China, for example, is developing a credit system that is largely based upon the principles of Alexander Hamilton, the first Secretary of the Treasury of the United States. That means that China is building its breathtakingly successful economic model on the American System, a conception aligned to the real physical economy, while the U.S. and Europe continue under the thumb of the British system, a monetarist bankers’ dictatorship.
It was originally the German-American economist Friedrich List who elaborated the fundamental contradiction between the American and British systems, during his stay in America from 1825 to 1834. This economic scientific method was further developed by Lyndon LaRouche, and now takes the form of his Four Fundamental Laws [see Feature in this issue—ed.], available as a template at the moment the United States should decide to take up President Xi Jinping’s offer.
A New Paradigm for the Future
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This new orientation of the BRICS countries, which have been joined by many countries in Latin America, Asia, and Africa, thus representing more than half of humanity, means overcoming geopolitics and establishing a new paradigm that defines the common aims of mankind. It is, as Indian Prime Minister Narendra Modi said, the first time that an alliance has arisen of nations that are not defined by their current capacities, but by their potential for the future. This new dynamic is also proof that true and important ideas can ultimately prevail.
The proposal for a New Silk Road is in principle identical to the one that the Schiller Institute put forward, with the idea of the Eurasian Land-Bridge, after the collapse of the Soviet Union in 1991, and promoted with many conferences, seminars, and publications. What was then conceived by us as an economic and cultural basis for a peace order for the 21st Century was initially only a programmatic idea, but is now a practical reality and perspective for a dynamic alliance of states that have set out consciously to initiate the next stage in the evolution of mankind. This is clear with respect to the Chinese space program and its perspective of taking advantage, soon, of helium-3 from the Moon, for a future fusion economy on Earth. And of course, the Sino-Indian-Russian cooperation in space is an integral part of this next phase of the development of mankind.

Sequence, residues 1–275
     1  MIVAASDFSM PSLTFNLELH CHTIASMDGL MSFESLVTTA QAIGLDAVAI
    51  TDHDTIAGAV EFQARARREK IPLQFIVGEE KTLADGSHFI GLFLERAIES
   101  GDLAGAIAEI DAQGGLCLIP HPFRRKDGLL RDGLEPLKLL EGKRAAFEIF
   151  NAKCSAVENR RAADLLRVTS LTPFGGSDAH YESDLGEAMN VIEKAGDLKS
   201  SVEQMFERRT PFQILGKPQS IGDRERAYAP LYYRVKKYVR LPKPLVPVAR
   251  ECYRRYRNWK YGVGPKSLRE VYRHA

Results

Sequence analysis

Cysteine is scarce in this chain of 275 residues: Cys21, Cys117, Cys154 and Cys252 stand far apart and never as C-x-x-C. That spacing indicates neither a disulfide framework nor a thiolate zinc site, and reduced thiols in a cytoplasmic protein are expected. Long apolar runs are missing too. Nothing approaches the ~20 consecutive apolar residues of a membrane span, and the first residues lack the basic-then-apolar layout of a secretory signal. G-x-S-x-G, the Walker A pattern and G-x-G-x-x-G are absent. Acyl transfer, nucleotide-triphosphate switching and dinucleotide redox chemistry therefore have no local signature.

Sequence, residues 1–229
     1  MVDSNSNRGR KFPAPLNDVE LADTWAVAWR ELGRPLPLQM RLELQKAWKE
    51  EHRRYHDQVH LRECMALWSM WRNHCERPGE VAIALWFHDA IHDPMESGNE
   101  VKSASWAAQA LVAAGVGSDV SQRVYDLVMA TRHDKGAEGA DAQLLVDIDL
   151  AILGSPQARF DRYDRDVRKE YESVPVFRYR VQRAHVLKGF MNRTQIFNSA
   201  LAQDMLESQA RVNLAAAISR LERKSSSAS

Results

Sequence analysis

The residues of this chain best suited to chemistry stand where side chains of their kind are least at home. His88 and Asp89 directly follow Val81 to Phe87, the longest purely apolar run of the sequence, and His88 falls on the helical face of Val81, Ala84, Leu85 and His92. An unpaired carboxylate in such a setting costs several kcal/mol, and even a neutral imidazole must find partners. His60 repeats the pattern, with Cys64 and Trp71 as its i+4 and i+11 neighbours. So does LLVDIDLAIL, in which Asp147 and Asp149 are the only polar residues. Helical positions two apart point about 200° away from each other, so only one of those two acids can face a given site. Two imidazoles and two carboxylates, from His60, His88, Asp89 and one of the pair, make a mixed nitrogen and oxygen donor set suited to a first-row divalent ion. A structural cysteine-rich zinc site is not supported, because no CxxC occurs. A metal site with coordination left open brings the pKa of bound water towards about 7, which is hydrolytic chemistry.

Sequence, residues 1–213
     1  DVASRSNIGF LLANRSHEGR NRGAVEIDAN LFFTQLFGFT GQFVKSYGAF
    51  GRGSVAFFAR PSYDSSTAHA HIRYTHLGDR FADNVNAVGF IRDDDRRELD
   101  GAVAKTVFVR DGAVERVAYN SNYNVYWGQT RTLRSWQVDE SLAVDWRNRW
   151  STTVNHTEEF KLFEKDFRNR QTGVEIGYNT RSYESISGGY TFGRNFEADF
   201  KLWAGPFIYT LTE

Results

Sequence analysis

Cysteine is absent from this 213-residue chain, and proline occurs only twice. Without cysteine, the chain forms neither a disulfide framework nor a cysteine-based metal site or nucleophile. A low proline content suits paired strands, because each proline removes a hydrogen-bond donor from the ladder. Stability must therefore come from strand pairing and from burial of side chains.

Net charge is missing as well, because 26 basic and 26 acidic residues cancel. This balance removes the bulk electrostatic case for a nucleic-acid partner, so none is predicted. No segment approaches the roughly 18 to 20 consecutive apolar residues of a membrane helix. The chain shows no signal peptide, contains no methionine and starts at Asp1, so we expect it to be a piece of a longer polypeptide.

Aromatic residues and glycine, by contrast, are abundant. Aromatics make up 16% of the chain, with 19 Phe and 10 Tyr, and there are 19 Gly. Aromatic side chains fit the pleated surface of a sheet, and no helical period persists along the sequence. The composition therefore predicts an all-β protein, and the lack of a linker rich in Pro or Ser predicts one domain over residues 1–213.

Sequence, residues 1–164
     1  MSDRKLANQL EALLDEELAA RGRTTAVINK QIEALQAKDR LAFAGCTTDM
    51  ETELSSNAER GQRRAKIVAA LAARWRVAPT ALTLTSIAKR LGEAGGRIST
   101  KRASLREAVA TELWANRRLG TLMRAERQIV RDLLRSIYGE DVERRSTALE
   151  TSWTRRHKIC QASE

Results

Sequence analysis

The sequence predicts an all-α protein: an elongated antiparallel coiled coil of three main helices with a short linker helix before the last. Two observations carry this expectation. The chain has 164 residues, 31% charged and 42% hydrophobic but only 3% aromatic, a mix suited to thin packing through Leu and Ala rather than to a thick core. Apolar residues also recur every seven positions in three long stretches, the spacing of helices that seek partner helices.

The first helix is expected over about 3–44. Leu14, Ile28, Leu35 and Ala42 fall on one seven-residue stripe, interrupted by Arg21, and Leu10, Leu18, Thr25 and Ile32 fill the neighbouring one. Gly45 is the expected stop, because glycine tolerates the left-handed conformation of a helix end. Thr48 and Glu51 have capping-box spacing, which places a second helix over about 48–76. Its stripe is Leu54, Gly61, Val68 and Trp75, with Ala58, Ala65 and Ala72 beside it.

In view of the existential dangers that threaten humanity today, one thing is certain: We must make the leap to overcome the purported interests of geopolitics, and to unite around the higher vantage point which all astronauts, cosmonauts, and taikonauts have expressed. With the perspective of astronauts viewing the Earth from space, it is in fact possible to regard humanity as a unity, which lives on a tiny planet in a very large Solar System, which is part of a much larger galaxy, among billions of galaxies.
This teaches us to recognize the common threats to and goals of humanity, and to be guided by a principle which was called the “extraterrestrial imperative” by the great German-American scientist Krafft Ehricke. By this he meant both that human spaceflight is the natural next phase in the evolution of mankind, and that man becomes “civilized” because he can only survive in space when he respects the universal laws of science, because obviously, out there, any form of irrationality or hedonism would result in his downfall.
In order to put this idea of a new paradigm for the development of universal history on the agenda, as it has been applied to the idea of the New Silk Road as a way to a World Land-Bridge and other common aims of mankind, the Schiller Institute has organized, since November 2012, a total of eight international conferences in Germany and the United States, as well as a series of seminars and concerts. The idea is first, to build new international relationships for the realization of the new paradigm, and second, to make known to a wider audience the existence of the alternative represented by cooperation with the BRICS countries. This purpose is served also by this Special Report, as well as the being circulated worldwide and getting more and more signatures. You are cordially invited to sign this petition and circulate it further.
This initiative is supported by the idea that mankind is the only known species that is creative, and thus capable, in the sense of Nicholas of Cusa, of finding a way out of even the most dangerous and complex situation, from a higher level. It is also based on the assumption of Gottfried Leibniz that the universe is created in such a way that a great evil has the potential to produce an even greater good, and the idea of Vladimir Vernadsky that the noösphere, i.e., the effect of human reason in the universe, increases perpetually.
Translated from German